11-28-04, 09:25 PM
I don't know what reference you are using but there is a very clear and concise tensioning procedure for the Northstar main bolts called out in the factory service manuals. The pattern for tensioning the bolts is VERY critical to maintain the roundness of the main bearing bores. All the bolts need to be run down and then the inner bolts are all tensioned first in the pattern followed by the outer rows of bolts.
You should never, ever bring a fastener to the final tension/torque while all the others are loose. You are asking for trouble doing this and can possibly distort or warp the parts being clamped together and/or cause the fastener to strip since the load on it is so high as you try to bring the gap together on the first few fasteners.
11-28-04, 09:31 PM
There is a lot of info on why torque-angle is used for the bolt tightening specs in previous posts. Search using "torque angle" in the forum search feature and read my posts. The following was in a previous post so it seems a little out of context but should suffice...
Originally Posted by dkozloski
bbob, there are any number of high strength bolt applications in aircraft that are also tightened for stretch but usually it is something like rod bolts where both ends are accessible and can be measured with an outside mike or a go/nogo gauge. I read an article in Scientific American magazine written by an Australian scientist/engineer that said he had identified so many variables involved in tightening bolts by measuring torque that he thought the process almost worthless. My experience from measuring torque with a dial wrench while tightening bolts for stretch pretty much confirms his findings. Tightening bolts by "torque to yield", measuring stretch sonically, and other result based measuring methods is a great leap forward in my estimation. We just completed a repair on an oil-cooled German diesel engine that even the local dealer didn't want to mess with because they felt unsure of all the wrinkles involving fasteners and tightening. We just tackeled each bolt case by case and made up holding tools and measuring equipment as we went. So far everything seems fine.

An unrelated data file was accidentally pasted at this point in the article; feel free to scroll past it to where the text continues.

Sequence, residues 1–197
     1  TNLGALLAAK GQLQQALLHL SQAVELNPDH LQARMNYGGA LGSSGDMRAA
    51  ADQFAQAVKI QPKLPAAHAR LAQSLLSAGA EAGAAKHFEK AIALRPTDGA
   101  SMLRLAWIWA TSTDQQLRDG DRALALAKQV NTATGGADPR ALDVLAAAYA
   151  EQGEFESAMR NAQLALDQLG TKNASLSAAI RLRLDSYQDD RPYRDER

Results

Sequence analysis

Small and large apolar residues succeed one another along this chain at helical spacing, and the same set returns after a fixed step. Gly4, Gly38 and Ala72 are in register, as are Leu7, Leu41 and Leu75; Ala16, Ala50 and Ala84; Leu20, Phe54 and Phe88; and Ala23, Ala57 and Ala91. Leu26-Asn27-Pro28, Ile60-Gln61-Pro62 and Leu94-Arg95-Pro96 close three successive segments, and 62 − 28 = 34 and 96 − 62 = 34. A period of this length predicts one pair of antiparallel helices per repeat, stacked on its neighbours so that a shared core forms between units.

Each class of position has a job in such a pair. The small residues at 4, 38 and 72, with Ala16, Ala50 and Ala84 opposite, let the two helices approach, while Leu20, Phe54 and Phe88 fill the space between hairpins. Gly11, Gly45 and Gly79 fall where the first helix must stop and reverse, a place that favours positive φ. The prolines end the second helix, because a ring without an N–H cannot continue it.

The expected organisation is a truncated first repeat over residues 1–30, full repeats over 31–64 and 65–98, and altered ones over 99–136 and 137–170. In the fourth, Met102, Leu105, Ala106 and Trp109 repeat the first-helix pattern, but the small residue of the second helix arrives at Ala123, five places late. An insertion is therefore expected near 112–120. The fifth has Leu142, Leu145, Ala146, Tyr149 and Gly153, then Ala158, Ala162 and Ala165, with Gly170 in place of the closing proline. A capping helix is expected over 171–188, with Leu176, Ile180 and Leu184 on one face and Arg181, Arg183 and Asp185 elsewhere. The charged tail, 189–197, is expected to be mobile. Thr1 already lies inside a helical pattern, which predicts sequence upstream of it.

Yea, you hit the nail on the head. Installing critical fasteners using torque alone is almost worse than useless...it is misleading in that you think you know what you are doing but you really don't because of all the variables.
That is why the torque angle method is preferred for modern critical fasteners. It is a means of replicating bolt stretch based on the pitch of the threads. In it's most fundamental form torque angle allows one to correlate a certain amount of bolt stretch to the thread pitch and allow a spec to be set, based on an angle to turn the bolt, that will stretch it the desired amount. The conclusion is then, that the stretch will be correct thus the clamp load will be correct regardless of the torque that it takes to achieve this.
The torque angle method is not infallible...i.e..if the threads start to strip as the "angle" is dialed in then the bolt will loose tension and the joint will fail. So, it too, has to be done carefully and if the torque required to assemble the fastener to the appropriate angle starts to fall off then the assembler has to realize this and correct the problem.
But, torque angle is still far far better than just torque alone. The "torque" part of the spec is designed to just take the "slack" out of the joint so that all the angle is going into stretching the bolt. The factors affecting torque go up astronomically once the bolt starts to stretch and the torque gets high so the initial torque setting is deliberately as low as possible to just take the slack out of the joint so that the torque will be as accurate as possible and then the angle achieves the critical load by stretching the bolt.
We measure bolt stretch routinely in blind holes be grinding the ends of the bolts parrallell and square and then with a sonic probe we can measure the length of the bolt by bouncing sound waves down the bolt and measuring the time between the echoes. This enables you to determine that the correlation between angle and bolt stretch to set up the spec.... The thread pitch...i.e... if there is a thread every 1.0 mm then turning the bolt will stretch it 0.50 mm..... helps to roughly determine the angle required and then actually measuring the stretch sonically confirms it. The production equipment is verified regularily with the sonic testing equipment to confirm the bolt stretch is there.
A bolt is simply a spring so the bolt diameter, material and metallurgy will determine it's spring rate so that we will know exactly what kind of load is available as the bolt stretches. The bolts coming into the manufacturer for all critical joints are certified vs. a load curve spec and routinely checked so that we know that the proper clamp load is being applied for the stretch that we can then monitor.
Actually measuring the clamp load in the joint is very very difficult if not impossible to do non-destructively so all the manufacturer can do is to control and monitor the factors affecting the clampload..i.e..the bolt spring rate and the bolt stretch.
11-29-04, 02:34 AM
One of the things I had been puzzled about for years...great post, as always thanks for your help.